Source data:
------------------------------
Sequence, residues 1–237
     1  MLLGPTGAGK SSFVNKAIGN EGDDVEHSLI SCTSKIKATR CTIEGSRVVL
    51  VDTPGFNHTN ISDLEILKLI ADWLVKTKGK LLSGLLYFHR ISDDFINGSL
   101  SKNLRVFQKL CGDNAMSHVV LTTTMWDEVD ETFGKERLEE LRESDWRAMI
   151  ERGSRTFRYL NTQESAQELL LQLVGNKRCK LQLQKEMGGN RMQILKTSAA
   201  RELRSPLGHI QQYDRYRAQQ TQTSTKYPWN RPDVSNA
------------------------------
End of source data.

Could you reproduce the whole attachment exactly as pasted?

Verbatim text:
Sequence, residues 1–237
     1  MLLGPTGAGK SSFVNKAIGN EGDDVEHSLI SCTSKIKATR CTIEGSRVVL
    51  VDTPGFNHTN ISDLEILKLI ADWLVKTKGK LLSGLLYFHR ISDDFINGSL
   101  SKNLRVFQKL CGDNAMSHVV LTTTMWDEVD ETFGKERLEE LRESDWRAMI
   151  ERGSRTFRYL NTQESAQELL LQLVGNKRCK LQLQKEMGGN RMQILKTSAA
   201  RELRSPLGHI QQYDRYRAQQ TQTSTKYPWN RPDVSNA